Friday, August 22, 2008

Sourashtram in Roman Script (1) & (2)

UPAMANYU’S examples for writing Sourashtram in roman script. (1)

‘a’ Vowel short

akaraadi=dictionary

akaasu=sky [sometimes the final ‘u’ can be deleted]

akSaru=letter, alphabet, script

agastir=lady’s finger vegetable [in Madurai dialect]

ankro=sprout [ankraam khuDi tagatte=nip in the bud]

angiLi=finger

ajjabo=mother’s father [Madurai dialect]

ajiirNu=indigestion

aTcaste=slap [paaTur aTcaste=slap on the back (as punishment)]

aTTu=dirt, a person who is dirty

aDpi=close friend of a bridegroom or bride accompanying him/her during marriage rituals.

aNDo=egg

atto=now

antro=small intestines

apul=ourselves, our [apul bhaaSo=our language]

ayin=mother’s relatives [ayin ghEr=mother’s father’s home][Madurai dialect]

aykaste=to hear, to listen

ayyambo=mother’s mother [Madurai Dialect]

asko=whole [gaamasko=whole town]

Please adhere to the above spelling. People should shed their hesitation and come forward to comment on the meaning and pronunciation variation in their dialects. Those who cannot read, without recourse, have to skip this. [to be continued]

UPAMANYU’S examples for writing Sourashtram in roman script. (2)

Words in which vowel aa=A= i.e. lengthened form of ‘a’ is used.

aakSEpaNo=objection , opposition

aangu=body

aacamano=sipping little water from the palm of the right hand uttering mantras

aanandam=joy, delight, happiness, pleasure, gladness,ecstasy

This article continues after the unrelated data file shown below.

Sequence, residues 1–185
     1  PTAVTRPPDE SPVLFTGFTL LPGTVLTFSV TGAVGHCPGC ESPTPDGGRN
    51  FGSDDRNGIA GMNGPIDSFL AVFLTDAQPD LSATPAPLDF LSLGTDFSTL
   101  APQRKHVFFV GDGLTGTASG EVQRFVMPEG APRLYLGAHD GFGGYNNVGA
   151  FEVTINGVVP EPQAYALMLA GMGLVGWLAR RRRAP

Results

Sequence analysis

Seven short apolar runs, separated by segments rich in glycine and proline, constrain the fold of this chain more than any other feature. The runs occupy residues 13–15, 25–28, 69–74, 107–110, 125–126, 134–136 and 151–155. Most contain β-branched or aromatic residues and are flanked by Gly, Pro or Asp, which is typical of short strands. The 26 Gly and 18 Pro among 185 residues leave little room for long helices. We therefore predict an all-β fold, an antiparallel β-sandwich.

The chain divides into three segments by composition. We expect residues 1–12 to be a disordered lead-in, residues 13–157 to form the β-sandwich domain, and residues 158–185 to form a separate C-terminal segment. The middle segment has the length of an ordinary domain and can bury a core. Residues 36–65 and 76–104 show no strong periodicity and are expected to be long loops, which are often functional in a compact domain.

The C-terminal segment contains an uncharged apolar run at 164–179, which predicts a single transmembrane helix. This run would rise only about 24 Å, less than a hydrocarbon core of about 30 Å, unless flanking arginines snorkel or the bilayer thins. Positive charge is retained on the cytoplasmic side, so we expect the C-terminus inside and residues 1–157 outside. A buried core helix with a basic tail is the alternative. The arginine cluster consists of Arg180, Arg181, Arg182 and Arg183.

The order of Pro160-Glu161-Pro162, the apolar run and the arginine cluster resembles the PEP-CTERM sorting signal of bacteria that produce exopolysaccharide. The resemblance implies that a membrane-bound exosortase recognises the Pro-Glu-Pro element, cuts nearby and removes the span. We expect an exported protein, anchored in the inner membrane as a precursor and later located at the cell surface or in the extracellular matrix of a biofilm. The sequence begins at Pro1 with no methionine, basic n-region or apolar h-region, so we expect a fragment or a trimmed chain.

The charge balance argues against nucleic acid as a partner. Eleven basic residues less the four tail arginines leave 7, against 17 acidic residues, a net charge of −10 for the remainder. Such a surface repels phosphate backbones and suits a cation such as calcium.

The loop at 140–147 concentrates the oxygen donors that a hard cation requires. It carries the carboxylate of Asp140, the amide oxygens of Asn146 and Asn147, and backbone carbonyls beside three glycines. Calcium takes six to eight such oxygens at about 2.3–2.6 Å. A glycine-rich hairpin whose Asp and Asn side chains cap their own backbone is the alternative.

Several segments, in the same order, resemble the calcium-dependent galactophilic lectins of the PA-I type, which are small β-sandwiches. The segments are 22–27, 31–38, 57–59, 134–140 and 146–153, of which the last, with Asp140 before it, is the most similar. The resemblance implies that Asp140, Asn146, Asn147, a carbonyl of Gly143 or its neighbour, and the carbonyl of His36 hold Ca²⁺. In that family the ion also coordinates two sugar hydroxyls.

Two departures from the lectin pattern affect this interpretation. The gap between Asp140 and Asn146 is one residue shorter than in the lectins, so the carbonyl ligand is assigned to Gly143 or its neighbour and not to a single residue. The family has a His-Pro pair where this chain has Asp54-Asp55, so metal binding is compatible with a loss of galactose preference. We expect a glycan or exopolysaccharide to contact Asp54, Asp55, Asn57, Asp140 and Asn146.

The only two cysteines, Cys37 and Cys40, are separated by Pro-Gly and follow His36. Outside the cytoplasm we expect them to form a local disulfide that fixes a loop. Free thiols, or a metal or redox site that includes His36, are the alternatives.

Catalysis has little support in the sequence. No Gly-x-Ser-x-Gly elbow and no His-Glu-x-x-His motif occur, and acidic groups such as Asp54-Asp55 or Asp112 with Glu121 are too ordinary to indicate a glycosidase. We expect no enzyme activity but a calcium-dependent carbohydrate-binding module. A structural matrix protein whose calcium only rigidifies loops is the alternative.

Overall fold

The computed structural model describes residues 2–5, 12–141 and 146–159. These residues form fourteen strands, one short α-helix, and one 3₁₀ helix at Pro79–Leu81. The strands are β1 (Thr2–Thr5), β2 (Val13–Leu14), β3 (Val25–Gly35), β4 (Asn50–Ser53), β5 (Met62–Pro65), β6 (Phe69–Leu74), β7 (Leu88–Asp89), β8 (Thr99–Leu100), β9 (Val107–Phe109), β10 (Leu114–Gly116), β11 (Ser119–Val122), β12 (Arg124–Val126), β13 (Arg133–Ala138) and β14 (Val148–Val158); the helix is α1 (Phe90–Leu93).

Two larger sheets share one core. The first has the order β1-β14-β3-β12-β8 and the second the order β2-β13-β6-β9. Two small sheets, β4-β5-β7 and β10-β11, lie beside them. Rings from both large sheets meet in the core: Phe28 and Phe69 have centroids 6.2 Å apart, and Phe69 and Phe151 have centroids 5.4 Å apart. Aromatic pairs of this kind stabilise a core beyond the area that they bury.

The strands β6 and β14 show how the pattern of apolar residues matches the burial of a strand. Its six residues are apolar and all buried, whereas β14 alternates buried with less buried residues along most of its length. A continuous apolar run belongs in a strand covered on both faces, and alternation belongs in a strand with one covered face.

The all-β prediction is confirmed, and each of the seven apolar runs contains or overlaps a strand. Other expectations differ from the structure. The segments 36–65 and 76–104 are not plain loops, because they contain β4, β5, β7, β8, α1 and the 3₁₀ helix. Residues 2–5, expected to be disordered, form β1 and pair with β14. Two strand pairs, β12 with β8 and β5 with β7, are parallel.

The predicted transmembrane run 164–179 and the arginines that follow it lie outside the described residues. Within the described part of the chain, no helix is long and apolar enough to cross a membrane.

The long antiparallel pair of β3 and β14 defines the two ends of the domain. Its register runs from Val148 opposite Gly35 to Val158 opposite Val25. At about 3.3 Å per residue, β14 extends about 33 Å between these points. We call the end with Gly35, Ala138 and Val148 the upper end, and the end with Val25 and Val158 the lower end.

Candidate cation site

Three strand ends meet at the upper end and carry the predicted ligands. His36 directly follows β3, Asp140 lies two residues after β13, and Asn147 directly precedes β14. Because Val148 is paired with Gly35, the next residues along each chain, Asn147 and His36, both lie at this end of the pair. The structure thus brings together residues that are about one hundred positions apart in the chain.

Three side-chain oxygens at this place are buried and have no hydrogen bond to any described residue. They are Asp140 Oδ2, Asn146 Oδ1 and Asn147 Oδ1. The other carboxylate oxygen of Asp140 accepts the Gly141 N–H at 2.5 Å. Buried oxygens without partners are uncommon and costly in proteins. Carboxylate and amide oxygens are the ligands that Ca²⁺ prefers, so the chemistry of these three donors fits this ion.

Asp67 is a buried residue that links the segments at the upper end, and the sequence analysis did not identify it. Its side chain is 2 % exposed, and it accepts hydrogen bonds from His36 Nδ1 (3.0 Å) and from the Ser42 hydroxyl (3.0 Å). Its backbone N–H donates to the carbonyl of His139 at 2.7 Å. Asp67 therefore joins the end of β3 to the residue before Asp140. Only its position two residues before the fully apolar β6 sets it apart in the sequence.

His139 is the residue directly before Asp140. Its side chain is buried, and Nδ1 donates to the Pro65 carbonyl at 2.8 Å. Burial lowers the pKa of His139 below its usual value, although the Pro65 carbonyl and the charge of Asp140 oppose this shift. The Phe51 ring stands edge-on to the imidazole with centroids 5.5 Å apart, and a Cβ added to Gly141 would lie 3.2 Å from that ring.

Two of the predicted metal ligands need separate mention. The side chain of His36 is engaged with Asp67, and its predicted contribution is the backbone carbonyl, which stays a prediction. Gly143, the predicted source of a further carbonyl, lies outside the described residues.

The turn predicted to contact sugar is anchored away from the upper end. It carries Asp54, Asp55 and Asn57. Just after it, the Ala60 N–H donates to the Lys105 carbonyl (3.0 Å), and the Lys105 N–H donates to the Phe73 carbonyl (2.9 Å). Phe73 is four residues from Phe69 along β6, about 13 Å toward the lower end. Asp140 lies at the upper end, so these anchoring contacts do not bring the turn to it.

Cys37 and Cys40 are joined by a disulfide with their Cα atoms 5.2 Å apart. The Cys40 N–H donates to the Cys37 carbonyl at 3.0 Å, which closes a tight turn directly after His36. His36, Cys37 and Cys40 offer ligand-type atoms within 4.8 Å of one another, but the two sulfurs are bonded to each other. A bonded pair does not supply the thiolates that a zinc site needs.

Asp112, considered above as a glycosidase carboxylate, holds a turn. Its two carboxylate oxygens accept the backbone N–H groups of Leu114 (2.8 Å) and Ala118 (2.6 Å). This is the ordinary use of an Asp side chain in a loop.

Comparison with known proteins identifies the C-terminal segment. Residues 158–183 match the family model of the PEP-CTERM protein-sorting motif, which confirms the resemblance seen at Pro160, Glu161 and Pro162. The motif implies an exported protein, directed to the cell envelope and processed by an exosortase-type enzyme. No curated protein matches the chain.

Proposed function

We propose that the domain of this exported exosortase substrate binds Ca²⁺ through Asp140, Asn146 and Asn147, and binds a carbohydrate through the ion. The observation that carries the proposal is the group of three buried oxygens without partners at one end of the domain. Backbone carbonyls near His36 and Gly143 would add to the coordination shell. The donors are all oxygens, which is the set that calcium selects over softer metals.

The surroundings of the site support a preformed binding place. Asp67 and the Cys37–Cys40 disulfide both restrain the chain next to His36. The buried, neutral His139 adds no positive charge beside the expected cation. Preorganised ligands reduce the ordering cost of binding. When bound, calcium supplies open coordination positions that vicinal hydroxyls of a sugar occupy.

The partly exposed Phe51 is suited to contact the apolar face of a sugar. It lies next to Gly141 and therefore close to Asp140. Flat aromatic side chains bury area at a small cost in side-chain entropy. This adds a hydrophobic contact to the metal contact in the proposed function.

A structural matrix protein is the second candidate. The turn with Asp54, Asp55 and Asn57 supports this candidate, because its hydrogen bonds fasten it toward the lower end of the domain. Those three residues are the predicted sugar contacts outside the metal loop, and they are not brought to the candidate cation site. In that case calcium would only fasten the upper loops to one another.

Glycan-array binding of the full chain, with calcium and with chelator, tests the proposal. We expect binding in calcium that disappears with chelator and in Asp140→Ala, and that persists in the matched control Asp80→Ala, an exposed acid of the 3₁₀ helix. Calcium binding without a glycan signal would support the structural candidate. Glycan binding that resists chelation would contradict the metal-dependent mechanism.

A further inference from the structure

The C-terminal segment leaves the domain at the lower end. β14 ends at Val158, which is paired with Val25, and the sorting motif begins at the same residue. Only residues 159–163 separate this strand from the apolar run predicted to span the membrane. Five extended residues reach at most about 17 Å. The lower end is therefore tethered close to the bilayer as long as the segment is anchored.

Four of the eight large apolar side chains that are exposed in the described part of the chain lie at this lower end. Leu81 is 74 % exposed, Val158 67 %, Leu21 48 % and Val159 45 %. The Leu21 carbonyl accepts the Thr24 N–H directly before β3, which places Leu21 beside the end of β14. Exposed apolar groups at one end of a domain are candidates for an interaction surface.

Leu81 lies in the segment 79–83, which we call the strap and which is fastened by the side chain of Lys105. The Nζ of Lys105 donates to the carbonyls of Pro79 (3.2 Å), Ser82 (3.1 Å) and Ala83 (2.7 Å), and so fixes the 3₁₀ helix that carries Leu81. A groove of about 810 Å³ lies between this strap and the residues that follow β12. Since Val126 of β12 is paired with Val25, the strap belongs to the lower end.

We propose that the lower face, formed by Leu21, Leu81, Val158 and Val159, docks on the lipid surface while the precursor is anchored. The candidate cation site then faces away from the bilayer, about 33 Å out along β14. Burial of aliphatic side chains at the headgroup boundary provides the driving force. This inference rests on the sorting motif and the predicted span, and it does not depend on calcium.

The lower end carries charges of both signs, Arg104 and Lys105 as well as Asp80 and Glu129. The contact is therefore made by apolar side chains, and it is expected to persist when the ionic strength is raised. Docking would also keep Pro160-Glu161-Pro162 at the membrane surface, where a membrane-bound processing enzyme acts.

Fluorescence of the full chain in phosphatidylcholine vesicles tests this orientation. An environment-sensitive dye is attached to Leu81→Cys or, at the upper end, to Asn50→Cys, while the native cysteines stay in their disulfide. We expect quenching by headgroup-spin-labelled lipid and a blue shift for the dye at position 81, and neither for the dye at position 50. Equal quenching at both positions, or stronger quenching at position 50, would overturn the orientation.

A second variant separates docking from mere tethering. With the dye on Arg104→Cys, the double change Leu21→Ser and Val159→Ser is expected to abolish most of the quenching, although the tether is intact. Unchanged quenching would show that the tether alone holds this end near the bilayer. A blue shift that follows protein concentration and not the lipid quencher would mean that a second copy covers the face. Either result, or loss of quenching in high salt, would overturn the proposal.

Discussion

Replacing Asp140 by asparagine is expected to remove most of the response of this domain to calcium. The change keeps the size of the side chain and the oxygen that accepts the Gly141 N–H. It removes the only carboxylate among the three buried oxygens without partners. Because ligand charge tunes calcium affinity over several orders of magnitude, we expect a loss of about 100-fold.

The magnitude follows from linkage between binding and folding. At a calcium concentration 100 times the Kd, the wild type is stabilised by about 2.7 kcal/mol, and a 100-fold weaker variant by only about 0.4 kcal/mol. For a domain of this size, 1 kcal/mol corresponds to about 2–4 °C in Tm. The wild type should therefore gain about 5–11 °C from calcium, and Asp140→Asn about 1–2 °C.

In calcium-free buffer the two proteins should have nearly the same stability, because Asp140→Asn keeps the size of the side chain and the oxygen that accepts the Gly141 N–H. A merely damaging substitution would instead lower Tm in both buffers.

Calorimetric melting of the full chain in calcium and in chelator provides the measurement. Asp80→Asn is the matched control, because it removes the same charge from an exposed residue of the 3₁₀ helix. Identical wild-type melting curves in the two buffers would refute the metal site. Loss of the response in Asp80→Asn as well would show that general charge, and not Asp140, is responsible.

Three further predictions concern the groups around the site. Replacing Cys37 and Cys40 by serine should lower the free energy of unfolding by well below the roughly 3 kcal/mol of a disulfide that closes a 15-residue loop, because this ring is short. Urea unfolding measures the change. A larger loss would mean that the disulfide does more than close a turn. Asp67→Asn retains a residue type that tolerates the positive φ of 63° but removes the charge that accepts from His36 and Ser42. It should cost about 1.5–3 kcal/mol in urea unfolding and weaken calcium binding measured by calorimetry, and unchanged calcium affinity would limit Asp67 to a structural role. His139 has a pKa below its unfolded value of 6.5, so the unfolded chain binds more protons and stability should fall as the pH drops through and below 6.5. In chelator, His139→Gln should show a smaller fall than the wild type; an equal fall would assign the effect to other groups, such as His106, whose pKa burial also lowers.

aalOcano=considerat ion, reflexion, considered opinion

aaso=desire, wish, yearning

aasti=property, asset

aahuti=oblation, sacrifice

iraaNu vEL=odd time, especially midnight

karnaaTakam= State of Karnataka; conservative person

kalaacaar=culture, tradition

kaancano=gold; love; affection

khaambu=pillar, post

gaaN=anus; abusive term

ghaan=bad smell

jaajiphuul=a kind of jasmine flower

taandu lipi=a form of traditional Saurashtra script in which vowel and consonant symbols are distinct

thaam=place, seat

daat=tooth

dhaak=fear

naastiko=atheist [one who do not believe God]

paancu=five

phaar=three hour duration [Tamil yaamam/jaamam]

baaLu=child

maatram=only

maayi=mother; young female child; female goddess

raajji poDaste=to fall in love

laat=kick

laani=not bad; not necessary

vaaT=way,road, street

vaat=wick of lamp

vaaL=time, turn[kitko vaaL=how many times]

shaastri=scholar or authority on the scriptures

saaTTuhoraaD= celebrationof one’s 60th birthday

saanti=peace; a female name; pacifying a god, evil spirit etc.

haat=hand

haatukaam=busy [engaged in work]

haatumago=handloom

Please adhere to the above spelling. People should shed their hesitation and come forward to comment on the meaning and pronunciation variation in their dialects.

Friday, August 8, 2008

TMSoundararajan's Felicitation Function at Madurai.

A felicitation function felicitating Sri T.M.Soundararajan was arranged by DMK Party's VIP Sri M.K.Alagiri on 6th August 2008 at Tamukkam Grounds, Madurai around 6 pm.
Chief Minister Dr.M.Karunanidhi gave a gift cheque of Rs. 5 Lakhs.
This is an unique gesture on the part of Sri M.K.Alagiri, son of the Chief Minister. People could not find out the motive behind this. It is doubtful that because of this felicitation to Sri T.M.Soundararajan, people belonging to Sourashtra community will vote for DMK candidates.